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Here are some of the things we’ve been reading about this week:
NAEP scores show how devastating the pandemic has been for the education of the nation’s 9-year-olds.
School district leaders ask for more time to spend federal Covid relief funds.
As the water crisis in Jackson, Miss., shows, schools have to be ready to cope with emergencies that could become more common as climate change continues.
To read more, click on the following links.
Research & Practice
New Federal Achievement Data Shows Grim Trajectory for Country’s 9-Year-Olds
US News & World Report: Results from the National Assessment of Educational Progress (NAEP) highlight how devastating school disruptions have been, particularly for those already the furthest behind. Average math scores declined seven points since 2020, with the lowest performing students posting a 12 point decline compared to the highest-achieving students, who posted just a three point decline. Meanwhile, average reading scores for 9-year-olds declined five points from 2020 to 2022, with the lowest-performing students posting a 10 point decline compared to the highest achieving students, who posted just a two point decline. See related articles: Education Week “Digging Deeper Into the Stark Declines on NAEP: 5 Things to Know” and K-12 Dive “7 Charts Highlighting the Pandemic’s Impact on 2022 NAEP Scores.”
Learning Through ‘Guided’ Play Can be as Effective as Adult-led Instruction
University of Cambridge: Teaching younger children through ‘guided’ play can support key aspects of their learning and development at least as well, and sometimes better, than traditional, direct instruction, according to a new analysis. The research by academics at the University of Cambridge gathered and assessed data that documented guided play’s impact on the learning of around 3,800 children aged three to eight. Guided play broadly refers to playful educational activities which, although gently steered by an adult, give children the freedom to explore a learning goal in their own way. Overall, the study found that this playful approach to learning can be just as effective as more traditional, teacher-led methods in developing key skills: including literacy, numeracy, social skills, and essential thinking skills known as executive functions.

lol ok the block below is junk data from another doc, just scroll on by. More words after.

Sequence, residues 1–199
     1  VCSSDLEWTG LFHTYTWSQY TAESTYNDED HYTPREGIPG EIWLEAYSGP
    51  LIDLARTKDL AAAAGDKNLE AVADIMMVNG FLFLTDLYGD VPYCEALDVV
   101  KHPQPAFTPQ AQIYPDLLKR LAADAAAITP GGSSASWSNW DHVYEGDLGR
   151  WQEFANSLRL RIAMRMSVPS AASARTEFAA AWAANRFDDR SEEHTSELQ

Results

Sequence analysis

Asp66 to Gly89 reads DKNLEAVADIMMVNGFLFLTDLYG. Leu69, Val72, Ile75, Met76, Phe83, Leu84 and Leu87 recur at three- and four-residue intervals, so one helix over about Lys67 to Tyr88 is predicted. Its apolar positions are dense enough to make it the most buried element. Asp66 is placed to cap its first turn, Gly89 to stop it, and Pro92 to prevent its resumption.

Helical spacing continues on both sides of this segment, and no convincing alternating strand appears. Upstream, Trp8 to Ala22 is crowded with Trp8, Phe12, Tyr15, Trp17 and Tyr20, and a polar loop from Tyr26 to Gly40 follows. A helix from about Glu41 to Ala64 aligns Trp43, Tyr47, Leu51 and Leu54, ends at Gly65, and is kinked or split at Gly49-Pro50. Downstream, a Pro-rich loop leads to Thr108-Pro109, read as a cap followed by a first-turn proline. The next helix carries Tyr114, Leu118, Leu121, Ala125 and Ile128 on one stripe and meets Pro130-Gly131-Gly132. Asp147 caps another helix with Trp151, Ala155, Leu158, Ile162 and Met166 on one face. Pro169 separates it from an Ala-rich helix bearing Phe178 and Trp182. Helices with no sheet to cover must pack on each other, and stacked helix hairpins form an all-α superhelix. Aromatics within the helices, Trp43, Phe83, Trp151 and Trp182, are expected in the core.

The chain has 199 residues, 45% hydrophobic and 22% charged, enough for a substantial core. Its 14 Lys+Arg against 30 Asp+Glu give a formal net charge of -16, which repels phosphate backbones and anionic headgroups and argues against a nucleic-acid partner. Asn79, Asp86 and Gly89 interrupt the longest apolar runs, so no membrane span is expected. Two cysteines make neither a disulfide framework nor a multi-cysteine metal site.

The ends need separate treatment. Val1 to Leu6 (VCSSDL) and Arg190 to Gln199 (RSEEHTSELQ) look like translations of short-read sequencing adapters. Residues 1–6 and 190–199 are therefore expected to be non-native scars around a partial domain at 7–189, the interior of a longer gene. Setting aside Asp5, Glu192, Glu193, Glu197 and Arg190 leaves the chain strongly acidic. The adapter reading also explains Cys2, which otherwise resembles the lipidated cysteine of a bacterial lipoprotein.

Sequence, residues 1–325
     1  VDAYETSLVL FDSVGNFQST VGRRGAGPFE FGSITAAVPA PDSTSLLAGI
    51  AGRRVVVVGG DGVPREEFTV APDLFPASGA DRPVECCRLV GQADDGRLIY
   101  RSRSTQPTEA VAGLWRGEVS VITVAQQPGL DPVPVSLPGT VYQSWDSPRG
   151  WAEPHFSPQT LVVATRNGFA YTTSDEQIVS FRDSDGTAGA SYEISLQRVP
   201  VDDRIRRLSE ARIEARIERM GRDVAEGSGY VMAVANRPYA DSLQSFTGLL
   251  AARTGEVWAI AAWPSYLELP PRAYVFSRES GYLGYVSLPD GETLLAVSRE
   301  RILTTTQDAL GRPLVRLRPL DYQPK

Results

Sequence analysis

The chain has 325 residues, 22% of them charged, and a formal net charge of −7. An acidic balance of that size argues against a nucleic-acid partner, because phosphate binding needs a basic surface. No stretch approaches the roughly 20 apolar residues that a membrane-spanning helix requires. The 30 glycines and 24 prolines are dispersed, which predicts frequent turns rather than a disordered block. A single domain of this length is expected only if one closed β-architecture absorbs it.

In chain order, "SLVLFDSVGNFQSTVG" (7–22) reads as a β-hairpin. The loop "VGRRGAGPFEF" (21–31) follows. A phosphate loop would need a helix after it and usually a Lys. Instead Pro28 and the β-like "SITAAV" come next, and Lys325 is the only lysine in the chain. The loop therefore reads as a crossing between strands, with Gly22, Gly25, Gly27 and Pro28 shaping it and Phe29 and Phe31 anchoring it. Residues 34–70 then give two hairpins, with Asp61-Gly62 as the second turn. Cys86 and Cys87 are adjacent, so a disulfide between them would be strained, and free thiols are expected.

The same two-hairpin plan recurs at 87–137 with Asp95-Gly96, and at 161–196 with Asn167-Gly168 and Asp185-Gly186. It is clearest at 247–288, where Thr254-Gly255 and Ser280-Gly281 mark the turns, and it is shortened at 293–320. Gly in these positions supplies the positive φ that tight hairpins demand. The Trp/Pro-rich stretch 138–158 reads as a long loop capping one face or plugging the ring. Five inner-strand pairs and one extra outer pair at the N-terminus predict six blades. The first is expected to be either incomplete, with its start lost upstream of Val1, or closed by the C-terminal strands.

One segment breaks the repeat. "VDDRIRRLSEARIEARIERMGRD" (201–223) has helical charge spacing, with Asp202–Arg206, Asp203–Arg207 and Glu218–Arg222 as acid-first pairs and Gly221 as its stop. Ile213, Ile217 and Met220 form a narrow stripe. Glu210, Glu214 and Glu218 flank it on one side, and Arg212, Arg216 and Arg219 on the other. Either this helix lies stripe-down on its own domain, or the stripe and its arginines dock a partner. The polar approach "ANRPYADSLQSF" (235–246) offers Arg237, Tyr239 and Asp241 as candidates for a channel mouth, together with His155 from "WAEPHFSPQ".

Taking Neuroscience to School: Brain Scans Reveal the Hidden Shape of Thinking and Predict Students’ Learning Better Than Test Scores
Georgetown College: The traditional tests and grades that educators have long used may measure learning less accurately than scans of the brain, according to a new study. Researchers studied a “spatially-enriched” science course offered at public high schools in Virginia that emphasizes spatial thinking skills, like building maps and planning how cities can be reconfigured to reduce energy consumption. MRI scans showed changes in students’ brains as they learned the course curriculum, and these changes were compared to the ways that learning is traditionally measured (e.g., changes in test scores). The brain changes were far better predictors of learning, especially a kind of learning called “far transfer,” which is so deep that it helps students succeed at tasks they weren’t even taught to accomplish.
Task Force Recommends Universal School Meal Program Ahead of White House Conference
K-12 Dive: The Task Force on Hunger, Nutrition, and Health — formed by an independent group of professors, advocates, and food industry executives — recently advised the White House to bring back universal school meals. The task force released this guidance in a report ahead of the White House Conference on Hunger, Nutrition, and Health. The Biden White House has set an ambitious goal to end hunger and increase healthy eating and physical activity by 2030 to reduce the number of Americans with diet-related diseases like diabetes, obesity and hypertension. Congress approved pandemic-era meal waivers in 2020 that permitted all U.S. schools to serve free meals to students, regardless of income. That provision expired June 30 and has not been extended.